It’s remarkable how many sacred cows there are in economics. Concepts that are, for some reason, beyond scrutiny.

But dig beneath the surface, and you start to see how absurd many ‘fundamental’ concepts are. Which is a worry when you consider many form the basis of a lot of important policy decisions.

Take GDP for example, which measures the total monetary value of goods and services produced within a country’s borders over a set period of time. The bigger the number, the richer the country, right?

In The Growth Illusion, author David Pilling provides this metaphor:

GDP measures ‘flow’ and ignores ‘stock’.

Indeed, it ignores the depletion of various forms of capital, including social, cultural, and environmental capital. The blind pursuit of GDP growth has led to the strip-mining of these precious resources, eroding the foundation upon which true economic prosperity is built. 

It also fails to distinguish between productive and unproductive economic activities. For instance, the cost of cleaning up environmental damage or rebuilding after a natural disaster is included in GDP calculations, as it involves economic transactions. However, these activities do not represent genuine economic progress or an improvement in people’s lives. 

If you think otherwise, why not go through town and break every window you see? You’ll be helping the economy!

Another limitation of GDP is that it does not consider the distribution of wealth and income within a society. A country with a high GDP may appear prosperous, but if the wealth is concentrated in the hands of a few, while the majority struggle to make ends meet, it hardly represents a successful economy. I’d point to the USA as a prime example, where ‘middle’ America continues to go backwards while the rich continue to get richer. Frankly, we seem to be going in the same direction here.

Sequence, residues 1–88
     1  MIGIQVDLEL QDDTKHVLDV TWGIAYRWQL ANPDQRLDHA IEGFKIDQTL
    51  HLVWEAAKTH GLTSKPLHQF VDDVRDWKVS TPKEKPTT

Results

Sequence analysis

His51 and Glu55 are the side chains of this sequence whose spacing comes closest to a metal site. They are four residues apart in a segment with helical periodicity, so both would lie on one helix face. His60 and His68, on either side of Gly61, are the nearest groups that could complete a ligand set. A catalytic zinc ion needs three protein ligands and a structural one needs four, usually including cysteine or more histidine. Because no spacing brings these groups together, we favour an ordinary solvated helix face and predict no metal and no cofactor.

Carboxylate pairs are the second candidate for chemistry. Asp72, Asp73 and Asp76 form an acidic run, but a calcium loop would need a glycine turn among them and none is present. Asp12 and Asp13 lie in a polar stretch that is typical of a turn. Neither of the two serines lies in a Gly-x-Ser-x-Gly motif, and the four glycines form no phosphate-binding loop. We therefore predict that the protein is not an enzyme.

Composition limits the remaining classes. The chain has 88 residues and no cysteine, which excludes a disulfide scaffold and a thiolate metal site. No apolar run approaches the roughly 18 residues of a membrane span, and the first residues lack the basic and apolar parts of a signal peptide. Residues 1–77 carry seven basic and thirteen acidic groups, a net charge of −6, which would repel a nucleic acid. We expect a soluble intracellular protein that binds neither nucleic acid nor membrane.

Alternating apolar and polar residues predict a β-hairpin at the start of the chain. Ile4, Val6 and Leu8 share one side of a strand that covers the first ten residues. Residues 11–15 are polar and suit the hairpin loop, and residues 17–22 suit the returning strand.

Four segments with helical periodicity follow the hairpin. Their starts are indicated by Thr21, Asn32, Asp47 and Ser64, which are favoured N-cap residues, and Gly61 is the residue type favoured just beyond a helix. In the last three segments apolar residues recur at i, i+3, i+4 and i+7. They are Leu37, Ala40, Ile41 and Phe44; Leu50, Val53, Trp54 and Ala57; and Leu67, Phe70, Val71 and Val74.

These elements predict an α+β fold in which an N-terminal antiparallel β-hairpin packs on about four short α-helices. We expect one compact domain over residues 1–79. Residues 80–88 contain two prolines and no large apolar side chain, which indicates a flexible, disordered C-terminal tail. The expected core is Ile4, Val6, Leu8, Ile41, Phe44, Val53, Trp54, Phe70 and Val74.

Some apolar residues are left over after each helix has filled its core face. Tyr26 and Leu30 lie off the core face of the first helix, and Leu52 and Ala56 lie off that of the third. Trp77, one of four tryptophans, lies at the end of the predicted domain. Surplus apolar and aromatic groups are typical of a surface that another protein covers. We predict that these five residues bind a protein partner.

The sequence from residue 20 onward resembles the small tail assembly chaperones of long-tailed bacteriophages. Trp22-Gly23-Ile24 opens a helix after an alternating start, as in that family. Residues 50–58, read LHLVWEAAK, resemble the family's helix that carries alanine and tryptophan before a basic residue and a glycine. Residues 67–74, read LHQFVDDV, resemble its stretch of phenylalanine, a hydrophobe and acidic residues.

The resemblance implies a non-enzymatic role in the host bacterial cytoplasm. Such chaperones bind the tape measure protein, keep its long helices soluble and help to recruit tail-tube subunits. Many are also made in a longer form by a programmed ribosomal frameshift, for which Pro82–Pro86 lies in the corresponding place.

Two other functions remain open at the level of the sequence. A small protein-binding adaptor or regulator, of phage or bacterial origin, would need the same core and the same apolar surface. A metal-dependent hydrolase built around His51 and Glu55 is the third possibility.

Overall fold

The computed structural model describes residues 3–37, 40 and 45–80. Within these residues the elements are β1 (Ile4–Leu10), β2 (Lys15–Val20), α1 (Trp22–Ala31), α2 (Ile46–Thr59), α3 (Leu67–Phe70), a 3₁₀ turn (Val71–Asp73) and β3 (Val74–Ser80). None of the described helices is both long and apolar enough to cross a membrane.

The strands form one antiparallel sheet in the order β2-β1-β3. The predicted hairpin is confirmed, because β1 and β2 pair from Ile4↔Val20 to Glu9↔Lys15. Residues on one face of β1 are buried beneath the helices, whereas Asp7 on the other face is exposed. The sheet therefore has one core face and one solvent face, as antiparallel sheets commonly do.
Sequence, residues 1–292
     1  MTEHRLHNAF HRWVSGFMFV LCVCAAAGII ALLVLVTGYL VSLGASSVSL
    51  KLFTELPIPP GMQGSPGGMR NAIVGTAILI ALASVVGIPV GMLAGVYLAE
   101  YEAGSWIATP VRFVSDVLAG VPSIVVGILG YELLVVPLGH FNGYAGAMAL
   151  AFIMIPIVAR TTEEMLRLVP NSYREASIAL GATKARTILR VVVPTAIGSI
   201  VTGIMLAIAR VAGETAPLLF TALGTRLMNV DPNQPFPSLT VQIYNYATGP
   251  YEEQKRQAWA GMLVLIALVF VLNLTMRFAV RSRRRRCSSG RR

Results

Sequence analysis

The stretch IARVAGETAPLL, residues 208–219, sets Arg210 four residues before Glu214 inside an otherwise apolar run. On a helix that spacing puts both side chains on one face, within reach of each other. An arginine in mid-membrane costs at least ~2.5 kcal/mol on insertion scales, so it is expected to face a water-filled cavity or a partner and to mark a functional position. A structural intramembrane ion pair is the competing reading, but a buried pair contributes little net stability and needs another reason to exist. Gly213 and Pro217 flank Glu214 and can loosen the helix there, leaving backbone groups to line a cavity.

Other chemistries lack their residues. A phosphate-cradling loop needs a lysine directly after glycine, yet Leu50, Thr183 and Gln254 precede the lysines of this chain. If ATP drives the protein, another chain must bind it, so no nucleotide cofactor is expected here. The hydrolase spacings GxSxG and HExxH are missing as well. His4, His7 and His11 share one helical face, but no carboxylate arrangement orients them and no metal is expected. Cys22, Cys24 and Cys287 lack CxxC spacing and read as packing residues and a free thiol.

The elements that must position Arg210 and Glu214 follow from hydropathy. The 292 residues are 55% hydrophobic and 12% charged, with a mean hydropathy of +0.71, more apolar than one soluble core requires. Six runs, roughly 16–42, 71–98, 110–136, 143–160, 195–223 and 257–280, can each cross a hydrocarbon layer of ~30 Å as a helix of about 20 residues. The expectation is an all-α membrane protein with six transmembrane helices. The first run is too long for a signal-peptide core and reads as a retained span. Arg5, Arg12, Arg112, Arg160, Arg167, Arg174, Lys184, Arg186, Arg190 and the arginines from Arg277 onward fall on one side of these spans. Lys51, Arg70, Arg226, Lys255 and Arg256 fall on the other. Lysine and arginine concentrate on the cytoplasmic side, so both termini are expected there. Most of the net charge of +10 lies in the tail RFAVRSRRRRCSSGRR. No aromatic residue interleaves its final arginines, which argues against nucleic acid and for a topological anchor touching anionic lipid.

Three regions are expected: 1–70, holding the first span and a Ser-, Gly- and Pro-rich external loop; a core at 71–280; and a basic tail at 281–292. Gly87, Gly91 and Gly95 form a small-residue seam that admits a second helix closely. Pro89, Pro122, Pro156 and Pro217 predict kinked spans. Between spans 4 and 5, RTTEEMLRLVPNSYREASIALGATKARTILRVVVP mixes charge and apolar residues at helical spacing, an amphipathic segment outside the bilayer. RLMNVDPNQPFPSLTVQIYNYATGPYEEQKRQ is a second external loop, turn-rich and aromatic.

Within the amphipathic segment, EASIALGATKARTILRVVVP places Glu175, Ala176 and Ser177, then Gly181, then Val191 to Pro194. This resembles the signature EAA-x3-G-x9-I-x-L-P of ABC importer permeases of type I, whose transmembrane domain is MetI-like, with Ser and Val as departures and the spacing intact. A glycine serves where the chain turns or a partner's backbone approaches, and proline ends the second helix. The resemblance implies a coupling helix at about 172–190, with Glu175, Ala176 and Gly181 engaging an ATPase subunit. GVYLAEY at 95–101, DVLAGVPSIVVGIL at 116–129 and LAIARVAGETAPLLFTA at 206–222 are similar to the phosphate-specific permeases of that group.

None of this is to say that GDP is a useless metric. But there’s no way it deserves the myopic focus it receives. And it shouldn’t automatically be equated with economic well being — especially when viewed over long periods of time.

Consider this: (inflation adjusted) GDP per capita in Indonesia today is the same as it was for Americans in the early part of last century. Would you rather live in Jakarta today, or in the US before there were antibiotics and electricity?

Measuring the health of the economy using GDP is like evaluating a company purely on the basis of its revenue. Anyone who did that would conclude that AMP was a far superior company than ProMedicus — the revenues are 10x bigger after all! The only problem is that AMP has destroyed 80% of shareholder wealth over the last decade, while ProMedicus has delivered a >100x return.

You may contend that it’s more about the growth than the absolute number that matters, but if that were the case Dubber (whose revenues grew 20x between 2018-2023) would have been far superior to poor old ProMedicus, whose top-line expanded by only 3.5 times over the same period.

The point is that whether you’re looking at an individual company or an entire economy, you need to take a holistic approach. And never be afraid to question established ‘facts’ — especially when it comes to finance and economics.

“By doubting we are led to question, by questioning we arrive at the truth.” – Peter Abelard

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